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The AAPG/Datapages Combined Publications Database

AAPG Bulletin


Volume: 65 (1981)

Issue: 5. (May)

First Page: 987

Last Page: 987

Title: Depositional Environment of Dry Hollow Member, Upper Cretaceous Frontier Formation, Southwestern Wyoming: ABSTRACT

Author(s): James G. Schmitt

Article Type: Meeting abstract


The Dry Hollow Member of the Frontier Formation in southwestern Wyoming consists of alluvial deposits that accumulated along part of the western margin of the Western Interior Cretaceous seaway. Typically, the lower part of the Dry Hollow Member contains sandstone bodies 4 to 15 m thick that fine upward and possess basal conglomeratic lenses. These units are interpreted as channel deposits of meandering streams, with the conglomerates having formed as channel-lag deposits. Commonly, silicified wood, plant fragments, freshwater gastropods, and intraformational shale clasts are present in these deposits. Medium-scale trough cross-stratification is dominant and indicates a general west to east paleocurrent direction.

The upper part of the Dry Hollow Member is dominated by interbedded shales, coals, and thin (0.2 to 1 m) fine-grained sandstones. The shales contain abundant carbonaceous plant material, silicified wood, and lignitic layers. Root horizons are commonly preserved within large (0.3 to 1 m) concretions that formed in the shales. The interbedded fine-grained sandstones are typically small-scale trough cross-stratified and contain abundant plant material. These sandstones are interpreted as near-channel overbank deposits that accumulated during periods of stream flooding, while the shales and coals represent vertical accretion deposits of interchannel swamps and lowlands that accumulated farther from the stream channels.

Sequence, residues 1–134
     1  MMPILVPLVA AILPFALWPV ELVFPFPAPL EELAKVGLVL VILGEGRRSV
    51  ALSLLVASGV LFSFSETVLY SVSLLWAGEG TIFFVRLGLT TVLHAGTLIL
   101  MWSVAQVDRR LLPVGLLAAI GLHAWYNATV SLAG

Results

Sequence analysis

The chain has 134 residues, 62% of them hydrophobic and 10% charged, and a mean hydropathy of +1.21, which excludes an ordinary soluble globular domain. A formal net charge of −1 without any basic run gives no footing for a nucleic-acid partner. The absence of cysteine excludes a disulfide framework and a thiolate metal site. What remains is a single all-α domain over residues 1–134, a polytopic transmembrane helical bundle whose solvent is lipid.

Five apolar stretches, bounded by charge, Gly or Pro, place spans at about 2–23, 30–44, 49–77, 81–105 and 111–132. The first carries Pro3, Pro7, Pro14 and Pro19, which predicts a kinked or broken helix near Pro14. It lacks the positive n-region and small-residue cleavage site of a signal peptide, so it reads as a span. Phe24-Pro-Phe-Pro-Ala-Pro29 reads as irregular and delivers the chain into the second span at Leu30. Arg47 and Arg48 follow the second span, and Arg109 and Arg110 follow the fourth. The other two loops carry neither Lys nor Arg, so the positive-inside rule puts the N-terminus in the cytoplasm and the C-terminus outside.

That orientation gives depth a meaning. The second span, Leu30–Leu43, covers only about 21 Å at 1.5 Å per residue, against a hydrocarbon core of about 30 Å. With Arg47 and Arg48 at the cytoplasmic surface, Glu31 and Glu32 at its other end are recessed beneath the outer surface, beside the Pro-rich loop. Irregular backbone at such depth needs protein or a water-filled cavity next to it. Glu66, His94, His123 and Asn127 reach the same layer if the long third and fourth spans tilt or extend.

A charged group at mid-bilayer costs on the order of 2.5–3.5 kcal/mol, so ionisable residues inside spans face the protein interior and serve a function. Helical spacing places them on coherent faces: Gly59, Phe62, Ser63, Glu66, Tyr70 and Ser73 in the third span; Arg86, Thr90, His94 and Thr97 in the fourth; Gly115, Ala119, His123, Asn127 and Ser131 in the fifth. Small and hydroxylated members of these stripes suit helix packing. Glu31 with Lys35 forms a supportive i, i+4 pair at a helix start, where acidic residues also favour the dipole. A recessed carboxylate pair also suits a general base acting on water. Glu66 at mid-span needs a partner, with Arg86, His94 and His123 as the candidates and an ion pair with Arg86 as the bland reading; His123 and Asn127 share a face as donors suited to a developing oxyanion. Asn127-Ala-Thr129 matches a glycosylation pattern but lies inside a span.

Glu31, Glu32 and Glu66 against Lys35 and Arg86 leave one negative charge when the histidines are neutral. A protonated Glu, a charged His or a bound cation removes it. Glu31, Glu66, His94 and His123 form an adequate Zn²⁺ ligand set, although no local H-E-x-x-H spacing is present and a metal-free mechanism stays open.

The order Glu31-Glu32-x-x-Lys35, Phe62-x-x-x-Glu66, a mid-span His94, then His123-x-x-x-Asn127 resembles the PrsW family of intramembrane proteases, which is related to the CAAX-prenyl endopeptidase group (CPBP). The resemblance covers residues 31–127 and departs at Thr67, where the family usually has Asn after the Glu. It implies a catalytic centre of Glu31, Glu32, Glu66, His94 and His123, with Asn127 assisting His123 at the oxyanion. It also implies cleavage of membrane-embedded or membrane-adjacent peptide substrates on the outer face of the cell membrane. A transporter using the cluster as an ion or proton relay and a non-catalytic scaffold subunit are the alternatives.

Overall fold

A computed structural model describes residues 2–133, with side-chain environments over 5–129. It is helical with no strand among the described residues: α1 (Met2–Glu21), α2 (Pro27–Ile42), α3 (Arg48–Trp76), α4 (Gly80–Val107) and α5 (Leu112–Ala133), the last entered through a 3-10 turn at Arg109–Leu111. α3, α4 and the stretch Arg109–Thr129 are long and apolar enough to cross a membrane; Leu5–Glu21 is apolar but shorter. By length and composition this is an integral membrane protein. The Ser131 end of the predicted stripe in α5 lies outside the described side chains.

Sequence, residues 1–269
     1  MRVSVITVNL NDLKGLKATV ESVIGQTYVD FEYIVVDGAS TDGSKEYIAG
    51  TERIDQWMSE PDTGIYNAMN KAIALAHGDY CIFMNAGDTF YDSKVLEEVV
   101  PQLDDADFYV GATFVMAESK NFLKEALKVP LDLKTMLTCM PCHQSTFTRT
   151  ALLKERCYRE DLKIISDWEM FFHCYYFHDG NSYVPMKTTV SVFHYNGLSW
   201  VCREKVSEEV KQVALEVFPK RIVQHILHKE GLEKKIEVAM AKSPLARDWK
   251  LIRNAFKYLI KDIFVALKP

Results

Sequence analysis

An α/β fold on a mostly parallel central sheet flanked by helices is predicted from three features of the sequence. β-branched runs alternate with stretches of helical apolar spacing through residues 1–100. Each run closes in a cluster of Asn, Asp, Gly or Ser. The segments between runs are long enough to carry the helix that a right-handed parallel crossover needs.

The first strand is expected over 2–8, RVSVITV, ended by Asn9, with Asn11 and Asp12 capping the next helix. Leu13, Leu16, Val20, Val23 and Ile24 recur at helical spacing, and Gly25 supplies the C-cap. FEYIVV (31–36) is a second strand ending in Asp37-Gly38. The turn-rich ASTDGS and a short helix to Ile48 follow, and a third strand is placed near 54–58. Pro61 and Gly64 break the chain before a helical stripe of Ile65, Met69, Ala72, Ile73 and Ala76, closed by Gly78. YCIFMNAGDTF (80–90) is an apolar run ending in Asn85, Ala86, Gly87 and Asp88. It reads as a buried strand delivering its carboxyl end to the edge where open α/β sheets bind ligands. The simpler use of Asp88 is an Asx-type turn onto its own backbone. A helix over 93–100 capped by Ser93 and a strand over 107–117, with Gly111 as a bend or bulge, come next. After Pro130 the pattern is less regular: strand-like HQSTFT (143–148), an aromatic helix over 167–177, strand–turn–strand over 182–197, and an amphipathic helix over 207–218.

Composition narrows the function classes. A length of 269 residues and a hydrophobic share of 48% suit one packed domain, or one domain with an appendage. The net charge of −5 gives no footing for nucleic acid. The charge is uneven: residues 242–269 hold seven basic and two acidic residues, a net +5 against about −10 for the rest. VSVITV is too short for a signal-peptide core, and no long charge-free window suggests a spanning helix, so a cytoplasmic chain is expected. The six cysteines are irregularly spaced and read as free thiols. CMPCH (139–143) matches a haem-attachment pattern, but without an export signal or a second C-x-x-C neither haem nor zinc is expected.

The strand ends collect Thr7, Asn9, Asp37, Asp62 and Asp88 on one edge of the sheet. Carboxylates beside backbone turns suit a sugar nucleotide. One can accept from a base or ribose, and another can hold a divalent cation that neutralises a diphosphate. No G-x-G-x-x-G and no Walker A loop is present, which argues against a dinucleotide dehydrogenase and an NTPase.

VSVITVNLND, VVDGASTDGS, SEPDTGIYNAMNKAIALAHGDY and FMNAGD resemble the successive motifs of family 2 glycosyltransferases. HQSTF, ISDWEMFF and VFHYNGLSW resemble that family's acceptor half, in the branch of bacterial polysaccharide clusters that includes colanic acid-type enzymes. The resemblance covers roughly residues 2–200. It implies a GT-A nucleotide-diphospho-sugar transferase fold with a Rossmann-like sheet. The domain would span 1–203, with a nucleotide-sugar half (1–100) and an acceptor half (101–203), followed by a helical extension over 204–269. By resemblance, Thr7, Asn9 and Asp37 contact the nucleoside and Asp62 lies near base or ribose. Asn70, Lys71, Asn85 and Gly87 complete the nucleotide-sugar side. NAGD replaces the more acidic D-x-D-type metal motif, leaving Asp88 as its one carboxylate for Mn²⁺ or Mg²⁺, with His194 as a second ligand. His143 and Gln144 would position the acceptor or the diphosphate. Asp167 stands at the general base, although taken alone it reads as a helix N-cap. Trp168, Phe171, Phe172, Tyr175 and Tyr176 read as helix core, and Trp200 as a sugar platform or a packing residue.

Analysis of these deposits suggests that a wet, poorly-drained fluvial lowland dominated by meandering streams and coal swamps existed along the Western Interior Cretaceous seaway during deposition of the bulk of the Dry Hollow Member of the Frontier Formation.

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